Fit becomes even more important if your feet measure outside of what’s considered standard width. If you have narrow feet or wide feet, not every rollerblade will give you a nice and snug fit. And getting wide-fitting inline skates and narrow-fitting boots can be quite the hassle.
And if you have a weird foot shape, the fit problem gets a whole lot worse. A skater I know owns a set of powerful legs, but the shape of their feet makes finding fitting inline skates a nightmare.
Both feet are flat, but one foot has a higher arch. They can’t skate for longer than 15 minutes on most skates without experiencing excruciating pain. Luckily, a skate shop made a custom boot for them and the problem was solved.
BTW, do inline skates come in half sizes? Yes, some rollerblades come in half sizes while others are only available in full sizes. This type of skate typically fits the same way as your everyday shoes and buying that size works for most people.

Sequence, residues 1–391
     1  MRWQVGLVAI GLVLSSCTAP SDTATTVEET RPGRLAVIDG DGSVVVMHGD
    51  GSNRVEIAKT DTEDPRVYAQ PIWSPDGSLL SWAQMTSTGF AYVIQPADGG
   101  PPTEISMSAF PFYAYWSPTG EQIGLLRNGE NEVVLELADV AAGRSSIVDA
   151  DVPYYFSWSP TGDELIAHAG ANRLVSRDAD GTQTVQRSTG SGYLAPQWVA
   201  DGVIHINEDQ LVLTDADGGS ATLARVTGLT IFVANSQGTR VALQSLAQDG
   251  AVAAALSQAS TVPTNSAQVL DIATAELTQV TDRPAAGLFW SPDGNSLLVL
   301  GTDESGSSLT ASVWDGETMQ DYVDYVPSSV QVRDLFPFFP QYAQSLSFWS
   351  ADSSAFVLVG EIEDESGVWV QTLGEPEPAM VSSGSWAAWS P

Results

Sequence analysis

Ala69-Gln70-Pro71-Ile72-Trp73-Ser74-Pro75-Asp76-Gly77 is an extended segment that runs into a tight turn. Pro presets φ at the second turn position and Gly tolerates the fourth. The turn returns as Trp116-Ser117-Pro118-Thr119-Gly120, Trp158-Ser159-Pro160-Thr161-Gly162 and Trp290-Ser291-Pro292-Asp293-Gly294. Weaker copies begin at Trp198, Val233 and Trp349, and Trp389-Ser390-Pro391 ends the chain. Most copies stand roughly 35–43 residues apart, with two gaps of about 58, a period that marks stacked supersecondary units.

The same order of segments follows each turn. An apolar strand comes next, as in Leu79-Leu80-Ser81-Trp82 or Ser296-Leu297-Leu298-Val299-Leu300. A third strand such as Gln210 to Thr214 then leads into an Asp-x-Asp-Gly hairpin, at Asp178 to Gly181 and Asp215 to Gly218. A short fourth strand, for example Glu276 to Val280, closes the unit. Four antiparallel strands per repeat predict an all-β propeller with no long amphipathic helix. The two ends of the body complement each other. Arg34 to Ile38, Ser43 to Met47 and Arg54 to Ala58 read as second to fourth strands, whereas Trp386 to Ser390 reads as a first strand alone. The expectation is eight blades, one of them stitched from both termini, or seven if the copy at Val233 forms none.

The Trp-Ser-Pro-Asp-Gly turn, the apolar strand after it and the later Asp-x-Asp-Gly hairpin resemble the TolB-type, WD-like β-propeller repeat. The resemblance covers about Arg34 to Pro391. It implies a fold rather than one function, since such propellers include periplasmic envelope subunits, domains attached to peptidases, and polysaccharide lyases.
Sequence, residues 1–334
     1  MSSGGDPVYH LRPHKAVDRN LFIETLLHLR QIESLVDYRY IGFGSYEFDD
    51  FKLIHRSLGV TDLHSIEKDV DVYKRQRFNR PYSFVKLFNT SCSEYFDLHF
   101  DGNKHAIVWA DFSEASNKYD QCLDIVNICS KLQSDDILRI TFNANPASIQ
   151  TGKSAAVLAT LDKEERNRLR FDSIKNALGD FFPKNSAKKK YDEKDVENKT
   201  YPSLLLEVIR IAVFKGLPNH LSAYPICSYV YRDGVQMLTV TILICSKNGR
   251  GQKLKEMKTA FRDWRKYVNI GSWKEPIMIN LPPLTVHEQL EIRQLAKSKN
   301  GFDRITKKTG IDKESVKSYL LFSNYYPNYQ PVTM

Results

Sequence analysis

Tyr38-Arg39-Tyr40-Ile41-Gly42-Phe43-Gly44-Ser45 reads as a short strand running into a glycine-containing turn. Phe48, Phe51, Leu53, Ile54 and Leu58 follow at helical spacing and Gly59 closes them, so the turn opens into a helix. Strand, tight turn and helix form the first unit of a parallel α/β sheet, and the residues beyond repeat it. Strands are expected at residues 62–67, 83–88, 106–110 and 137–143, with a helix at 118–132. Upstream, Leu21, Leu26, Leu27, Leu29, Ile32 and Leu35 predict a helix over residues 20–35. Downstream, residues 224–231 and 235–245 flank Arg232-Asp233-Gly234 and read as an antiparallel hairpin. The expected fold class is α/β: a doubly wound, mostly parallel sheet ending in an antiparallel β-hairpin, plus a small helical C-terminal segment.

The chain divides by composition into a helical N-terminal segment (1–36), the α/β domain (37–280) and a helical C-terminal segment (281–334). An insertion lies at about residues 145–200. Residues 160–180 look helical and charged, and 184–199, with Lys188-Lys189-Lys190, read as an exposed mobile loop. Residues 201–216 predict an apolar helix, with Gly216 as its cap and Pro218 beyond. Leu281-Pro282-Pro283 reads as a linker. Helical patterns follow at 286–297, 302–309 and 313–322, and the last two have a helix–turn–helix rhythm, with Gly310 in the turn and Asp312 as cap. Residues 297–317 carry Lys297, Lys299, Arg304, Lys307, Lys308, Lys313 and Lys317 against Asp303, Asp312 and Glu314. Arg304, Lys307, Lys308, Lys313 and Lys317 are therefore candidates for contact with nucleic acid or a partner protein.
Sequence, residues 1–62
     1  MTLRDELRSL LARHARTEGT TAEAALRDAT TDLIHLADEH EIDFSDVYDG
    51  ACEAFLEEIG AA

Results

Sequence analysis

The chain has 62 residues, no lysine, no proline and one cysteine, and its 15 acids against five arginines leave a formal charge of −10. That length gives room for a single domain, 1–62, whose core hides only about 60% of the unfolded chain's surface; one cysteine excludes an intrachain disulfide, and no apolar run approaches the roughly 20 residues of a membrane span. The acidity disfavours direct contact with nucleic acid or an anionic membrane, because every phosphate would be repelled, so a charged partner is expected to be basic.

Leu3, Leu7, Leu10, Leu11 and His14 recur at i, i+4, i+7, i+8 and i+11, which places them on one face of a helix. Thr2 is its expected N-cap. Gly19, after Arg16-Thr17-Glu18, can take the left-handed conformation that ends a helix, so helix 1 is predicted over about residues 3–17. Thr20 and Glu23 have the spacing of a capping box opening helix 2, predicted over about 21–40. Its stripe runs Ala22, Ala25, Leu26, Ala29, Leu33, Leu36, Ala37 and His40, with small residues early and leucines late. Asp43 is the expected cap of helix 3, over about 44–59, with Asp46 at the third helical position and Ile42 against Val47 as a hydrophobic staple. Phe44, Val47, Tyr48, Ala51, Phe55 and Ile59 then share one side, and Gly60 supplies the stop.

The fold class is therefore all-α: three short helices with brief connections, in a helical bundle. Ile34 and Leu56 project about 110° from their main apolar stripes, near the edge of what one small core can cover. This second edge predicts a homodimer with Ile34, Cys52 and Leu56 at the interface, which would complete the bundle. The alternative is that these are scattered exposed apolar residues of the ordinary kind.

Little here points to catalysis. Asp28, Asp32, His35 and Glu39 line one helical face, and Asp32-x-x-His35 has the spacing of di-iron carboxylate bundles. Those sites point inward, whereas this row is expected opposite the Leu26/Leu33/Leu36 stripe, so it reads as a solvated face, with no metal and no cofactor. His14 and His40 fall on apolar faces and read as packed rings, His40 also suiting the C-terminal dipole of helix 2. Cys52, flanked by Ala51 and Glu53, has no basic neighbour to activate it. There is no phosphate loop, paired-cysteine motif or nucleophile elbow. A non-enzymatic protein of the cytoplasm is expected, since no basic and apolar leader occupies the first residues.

If you’re between sizes, sizing down is almost always best unless the model runs small in which case you should choose the next size up. If you size up and the skate is made from a stretchy material such as knitted microfiber, it might get too roomy after some time.
A Different Blading Style, a Different Kind of Skate
Skaters have over 10 different kinds of rollerblades to choose from, which can be overwhelming if you don’t know anything about this skating sport. So, you need to make up your mind as to the style of inline skating you favor most right from the get-go. What do you see yourself doing with your rollerblades?